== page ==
Girl meets boy, her father disapproves. It is a story as old as time but, unlike Romeo and Juliet, a couple arrested in Yemen have sparked a major Facebook campaign.
Once upon a time, three years ago, Huda, now 22, walked into a mobile phone shop in her home village in Saudi Arabia. She met Arafat, now 25, a Yemeni migrant worker from a much poorer family. Love blossomed.
Arafat approached Huda's parents to ask for her hand, but was refused, according to the couple's lawyer. "My family wanted to marry me off to another guy," Huda seems to have told Saudi journalists, in a clip posted on YouTube. "But I refused. I said no-one will touch me except for Arafat. That was when the thought occurred to me that I should escape."
Huda then left home and crossed the border into Yemen disguised as a Yemeni worker. She was arrested on charges of illegal immigration. Huda's family claimed Arafat had used "magic" on their daughter, according to reports. Arafat returned to Yemen and he too was arrested, for helping Huda.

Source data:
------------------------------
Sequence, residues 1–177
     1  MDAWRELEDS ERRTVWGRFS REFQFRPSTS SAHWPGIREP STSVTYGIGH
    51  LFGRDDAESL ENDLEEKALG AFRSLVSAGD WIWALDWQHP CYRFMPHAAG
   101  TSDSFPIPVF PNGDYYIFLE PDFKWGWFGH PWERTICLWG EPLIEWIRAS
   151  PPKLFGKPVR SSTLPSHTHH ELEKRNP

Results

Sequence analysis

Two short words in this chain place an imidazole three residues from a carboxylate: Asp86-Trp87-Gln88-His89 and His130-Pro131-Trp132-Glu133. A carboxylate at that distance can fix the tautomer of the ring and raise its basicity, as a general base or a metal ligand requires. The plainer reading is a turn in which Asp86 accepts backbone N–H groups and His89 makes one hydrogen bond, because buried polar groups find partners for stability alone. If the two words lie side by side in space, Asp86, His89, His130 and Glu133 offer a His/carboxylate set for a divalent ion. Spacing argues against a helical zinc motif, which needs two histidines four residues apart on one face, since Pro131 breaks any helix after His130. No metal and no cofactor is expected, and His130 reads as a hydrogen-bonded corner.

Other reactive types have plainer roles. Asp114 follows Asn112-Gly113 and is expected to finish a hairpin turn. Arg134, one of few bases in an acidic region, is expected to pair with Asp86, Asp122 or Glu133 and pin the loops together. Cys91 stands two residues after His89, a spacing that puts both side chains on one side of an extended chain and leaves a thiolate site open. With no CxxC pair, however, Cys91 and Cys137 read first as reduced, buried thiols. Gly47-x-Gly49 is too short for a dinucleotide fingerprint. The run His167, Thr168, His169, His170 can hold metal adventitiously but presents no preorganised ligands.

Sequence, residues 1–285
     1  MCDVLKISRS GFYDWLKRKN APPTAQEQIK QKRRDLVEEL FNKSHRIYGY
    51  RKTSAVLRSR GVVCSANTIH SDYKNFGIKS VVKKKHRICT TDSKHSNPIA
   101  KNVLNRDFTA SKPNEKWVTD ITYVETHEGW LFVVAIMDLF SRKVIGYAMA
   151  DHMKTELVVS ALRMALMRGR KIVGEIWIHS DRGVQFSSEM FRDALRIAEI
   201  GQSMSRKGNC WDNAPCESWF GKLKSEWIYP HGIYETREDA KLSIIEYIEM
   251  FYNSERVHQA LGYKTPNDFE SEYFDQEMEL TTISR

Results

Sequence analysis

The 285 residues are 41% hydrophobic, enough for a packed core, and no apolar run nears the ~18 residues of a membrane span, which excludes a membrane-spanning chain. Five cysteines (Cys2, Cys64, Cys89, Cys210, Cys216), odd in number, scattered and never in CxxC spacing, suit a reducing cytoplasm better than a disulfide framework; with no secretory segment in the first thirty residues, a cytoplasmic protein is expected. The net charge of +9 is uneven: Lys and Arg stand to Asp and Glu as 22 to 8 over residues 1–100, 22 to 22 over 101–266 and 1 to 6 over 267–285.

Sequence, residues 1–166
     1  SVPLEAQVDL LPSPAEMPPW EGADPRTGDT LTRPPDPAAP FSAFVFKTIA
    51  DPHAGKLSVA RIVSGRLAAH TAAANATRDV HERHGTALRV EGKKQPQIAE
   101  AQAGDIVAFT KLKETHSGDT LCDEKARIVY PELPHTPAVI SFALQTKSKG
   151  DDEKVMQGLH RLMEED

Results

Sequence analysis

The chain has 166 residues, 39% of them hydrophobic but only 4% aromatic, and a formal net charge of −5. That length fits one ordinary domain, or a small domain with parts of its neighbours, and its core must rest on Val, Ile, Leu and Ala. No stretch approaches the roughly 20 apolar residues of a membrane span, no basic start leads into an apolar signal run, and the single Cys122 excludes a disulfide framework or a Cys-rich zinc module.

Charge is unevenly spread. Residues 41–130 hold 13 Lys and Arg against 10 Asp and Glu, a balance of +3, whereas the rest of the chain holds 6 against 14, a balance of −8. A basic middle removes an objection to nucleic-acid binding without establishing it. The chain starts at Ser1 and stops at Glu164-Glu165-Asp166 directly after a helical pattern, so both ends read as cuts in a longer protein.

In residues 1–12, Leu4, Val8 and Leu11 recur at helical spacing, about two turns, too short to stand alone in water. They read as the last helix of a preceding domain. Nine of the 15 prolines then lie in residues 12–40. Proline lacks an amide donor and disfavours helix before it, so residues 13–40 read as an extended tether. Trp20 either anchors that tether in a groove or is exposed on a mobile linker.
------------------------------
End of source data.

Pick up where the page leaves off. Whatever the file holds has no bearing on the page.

So far, so familiar. So what is the difference between Huda and Arafat's story, and that of Romeo and Juliet or the Arabic Laila and Majnun?
This time, there has been a huge reaction on Yemeni Facebook, with several pages and images of the couple being widely shared (one has 9,000 likes). Some of the comments have been nationalistic - with Yemenis venting anger at their wealthier neighbour's attitudes. But others have invoked the 2011 uprising in which Yemenis demanded rights.
"The sympathy with Huda is because she rebelled against her culture," says Fahad, a 33-year-old civil servant who is on Facebook every evening. "She stood up against a patriarchal society which told her who to marry. It highlights the need our societies have for modern states where there are freedoms and rights and where people can, for example, choose who they want to marry." He is organising a group to protest outside Huda and Arafat's court hearing on Sunday.
Reporting by Mukul Devichand
Update - 25 November, 08:40 GMT:
On 24 November, Huda's court appearance was adjourned until 1 December to await a UN High Commissioner for Refugees ruling on her request to be given refugee status in Yemen. UNHCR officials in Yemen told the BBC Huda's application was likely to be approved on the grounds that she could face mistreatment, or even death, at the hands of her family if she returned home.
Huda had earlier pleaded with a Sanaa court to let her stay, while a crowd of supporters outside chanted "We are all Huda."